Before making a conclusive diagnosis of essential thrombocytosis, it is crucial to rule out alternative causes of thrombocytosis, including clonal and reactive causes, because the symptoms of myeloproliferative neoplasms overlap. Acute phase reactants and an iron panel are advised to rule out reactive thrombocytosis. It has been established that the abnormality in these two results in thrombocytosis.

Acute phase reactants, such as CRP, which is increased in a patient with reactive thrombocytosis, will be raised during the inflammatory process. The predicted outcome of thrombocytosis is the remission of inflammation. Thrombocytosis is also anticipated to improve with iron replenishment in iron deficit.

Knowing whether a patient has a JAK2, CALR, or MPL mutation is important since each of these mutations affects the clinical characteristics, side effects, and prognosis of myeloproliferative neoplasm. A genetic test can assist establish the phenotype and prognosis of essential thrombocytosis, according to research. For instance, a patient with essential thrombocytosis and CALR mutations has a better prognosis. The existence of a mutation enhances the diagnosis of all myeloproliferative neoplasms as 97% of patients have some sort of mutation, whether JAK2, CALR, or MPL.

Essential Thrombocythemia: Treatment

The treatment is based on the severity of the symptoms. Your doctor may advise conservative or surgical treatment.

As thrombosis and hemorrhage are the main causes of morbidity and death, treatment for essential thrombocytosis aims to avoid vascular consequences such as thrombotic and hemorrhagic events. To decide whether a patient needs therapy or not, risk stratification is utilized.

Often, those who have this illness yet show no symptoms or indicators don't require therapy. If you are susceptible to blood clots, you may need to take a low-dose aspirin every day to help thin your blood. Never use aspirin without first consulting your medical staff.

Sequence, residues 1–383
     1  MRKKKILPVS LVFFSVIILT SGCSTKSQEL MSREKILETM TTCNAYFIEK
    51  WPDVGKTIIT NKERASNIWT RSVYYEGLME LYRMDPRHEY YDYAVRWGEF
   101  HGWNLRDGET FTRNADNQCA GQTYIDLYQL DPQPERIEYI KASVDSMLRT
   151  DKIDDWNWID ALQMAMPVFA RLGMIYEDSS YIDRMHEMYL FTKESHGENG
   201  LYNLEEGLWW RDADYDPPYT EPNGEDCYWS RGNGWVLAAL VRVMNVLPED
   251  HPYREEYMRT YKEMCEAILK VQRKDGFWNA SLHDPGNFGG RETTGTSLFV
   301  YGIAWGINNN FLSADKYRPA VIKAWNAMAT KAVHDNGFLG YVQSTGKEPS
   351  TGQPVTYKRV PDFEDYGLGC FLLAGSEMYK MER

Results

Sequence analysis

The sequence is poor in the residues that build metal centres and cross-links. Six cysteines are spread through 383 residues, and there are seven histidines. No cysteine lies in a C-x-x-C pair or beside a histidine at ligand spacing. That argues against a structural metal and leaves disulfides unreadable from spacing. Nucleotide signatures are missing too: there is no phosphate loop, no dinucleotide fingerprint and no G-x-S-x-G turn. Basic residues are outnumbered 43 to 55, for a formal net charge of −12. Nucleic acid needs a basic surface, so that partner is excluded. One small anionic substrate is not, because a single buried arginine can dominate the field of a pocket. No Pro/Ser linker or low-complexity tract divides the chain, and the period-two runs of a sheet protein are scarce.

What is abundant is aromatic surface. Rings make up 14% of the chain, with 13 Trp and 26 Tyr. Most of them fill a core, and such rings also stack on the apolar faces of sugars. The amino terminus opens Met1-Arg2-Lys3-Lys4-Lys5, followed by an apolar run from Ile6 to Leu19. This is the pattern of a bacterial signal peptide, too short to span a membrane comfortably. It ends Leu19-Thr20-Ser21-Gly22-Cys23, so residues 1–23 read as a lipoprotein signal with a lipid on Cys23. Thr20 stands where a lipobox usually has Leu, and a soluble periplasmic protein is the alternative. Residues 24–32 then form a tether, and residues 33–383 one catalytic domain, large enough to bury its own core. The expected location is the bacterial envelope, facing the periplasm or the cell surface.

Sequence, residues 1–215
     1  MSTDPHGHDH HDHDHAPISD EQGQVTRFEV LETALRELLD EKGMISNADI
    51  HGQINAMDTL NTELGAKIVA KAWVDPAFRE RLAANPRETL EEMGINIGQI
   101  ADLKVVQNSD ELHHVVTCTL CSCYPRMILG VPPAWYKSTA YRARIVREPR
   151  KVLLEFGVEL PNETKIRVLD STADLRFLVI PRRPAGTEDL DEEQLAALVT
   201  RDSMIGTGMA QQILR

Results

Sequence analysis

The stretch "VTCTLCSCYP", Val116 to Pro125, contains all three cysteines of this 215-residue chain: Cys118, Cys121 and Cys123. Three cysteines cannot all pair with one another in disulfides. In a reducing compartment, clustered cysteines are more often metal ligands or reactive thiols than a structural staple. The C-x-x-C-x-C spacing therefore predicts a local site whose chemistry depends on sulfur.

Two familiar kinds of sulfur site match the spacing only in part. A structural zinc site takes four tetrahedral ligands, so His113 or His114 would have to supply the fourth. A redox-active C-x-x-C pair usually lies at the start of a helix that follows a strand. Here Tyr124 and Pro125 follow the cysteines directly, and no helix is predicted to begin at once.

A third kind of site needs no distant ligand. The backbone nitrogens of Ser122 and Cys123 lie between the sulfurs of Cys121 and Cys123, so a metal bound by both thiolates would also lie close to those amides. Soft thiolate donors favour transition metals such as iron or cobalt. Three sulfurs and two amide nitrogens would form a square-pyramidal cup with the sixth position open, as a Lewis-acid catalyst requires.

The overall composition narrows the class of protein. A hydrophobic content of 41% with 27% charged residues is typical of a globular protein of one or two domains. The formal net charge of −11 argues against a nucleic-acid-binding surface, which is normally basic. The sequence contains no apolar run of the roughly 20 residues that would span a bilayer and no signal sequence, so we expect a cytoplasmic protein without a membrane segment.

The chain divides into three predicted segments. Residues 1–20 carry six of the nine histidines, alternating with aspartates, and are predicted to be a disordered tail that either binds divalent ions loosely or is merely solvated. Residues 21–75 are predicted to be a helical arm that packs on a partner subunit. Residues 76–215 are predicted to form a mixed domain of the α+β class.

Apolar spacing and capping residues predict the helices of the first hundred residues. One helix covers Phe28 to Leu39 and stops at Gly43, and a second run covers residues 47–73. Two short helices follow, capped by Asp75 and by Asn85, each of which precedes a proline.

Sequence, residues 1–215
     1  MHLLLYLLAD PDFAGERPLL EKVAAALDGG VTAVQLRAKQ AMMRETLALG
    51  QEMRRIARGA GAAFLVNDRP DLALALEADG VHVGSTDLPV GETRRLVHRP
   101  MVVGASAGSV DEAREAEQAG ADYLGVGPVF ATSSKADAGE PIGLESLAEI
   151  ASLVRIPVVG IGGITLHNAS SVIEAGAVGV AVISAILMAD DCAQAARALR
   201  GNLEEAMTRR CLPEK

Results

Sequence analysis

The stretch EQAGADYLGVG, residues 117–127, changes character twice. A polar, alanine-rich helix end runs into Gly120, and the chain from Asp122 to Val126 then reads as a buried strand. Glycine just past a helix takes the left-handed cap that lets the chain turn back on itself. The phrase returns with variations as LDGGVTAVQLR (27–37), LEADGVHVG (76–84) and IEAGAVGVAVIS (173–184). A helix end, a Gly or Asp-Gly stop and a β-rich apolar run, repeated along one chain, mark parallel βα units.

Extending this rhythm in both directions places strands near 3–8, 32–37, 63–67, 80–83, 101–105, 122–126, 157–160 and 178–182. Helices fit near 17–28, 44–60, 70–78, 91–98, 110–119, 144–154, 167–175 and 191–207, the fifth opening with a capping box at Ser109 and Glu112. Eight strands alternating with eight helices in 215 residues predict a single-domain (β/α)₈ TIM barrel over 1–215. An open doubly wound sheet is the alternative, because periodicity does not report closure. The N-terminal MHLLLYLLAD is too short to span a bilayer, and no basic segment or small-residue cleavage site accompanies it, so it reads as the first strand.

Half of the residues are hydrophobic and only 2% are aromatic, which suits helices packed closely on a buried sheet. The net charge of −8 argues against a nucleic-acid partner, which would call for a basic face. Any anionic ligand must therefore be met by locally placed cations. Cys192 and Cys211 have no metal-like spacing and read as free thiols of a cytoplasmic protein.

To reduce your platelet counts, you might need to take prescription medication or undergo certain treatments if you −

  • Have a history of bleeding and blood clots.

  • Have heart disease risk factors.

  • Are over 60 years old.

  • Possess a high platelet count.

  • Platelet-lowering medications like hydroxyurea, anagrelide, or interferon alfa may be prescribed by your doctor

A machine may remove platelets from your blood in an emergency. Plateletpheresis is the name of this process. The effects last just briefly.

Essential Thrombocythemia: Prevention

Individuals who have essential thrombocythemia are more likely to bleed excessively or form blood clots. This risk might be diminished by: avoiding cigarette use: Blood clots are more likely to form in smokers than in non-smokers.


The majority of the time, essential thrombocytosis is discovered incidentally. The most crucial step after a diagnosis is to risk-score patients. Patients may fall into the low, moderate, or high-risk categories. The categorization helps medical experts choose the best treatment plan. It is crucial to inform patients about their risk of thrombosis and bleeding since doing so may increase patient compliance. Some people with modest risks are only required to take aspirin once every day.

Younger age suggests minimal risk, thus instead of administering aspirin to these individuals, they can be properly watched. The negative effects of certain cytoreductive drugs should also be known to patients. The potential adverse effects of hydroxyurea include interstitial pneumonitis, fever, and vaginal, oral, and skin ulcers.

Skin malignancies other than melanomas might occur in older persons using hydroxyurea. Due to these adverse effects, the medicine must be stopped and replaced with a different cytoreductive drug.

Dr. Durgesh Kumar Sinha
Dr. Durgesh Kumar Sinha


Updated on: 18-Apr-2023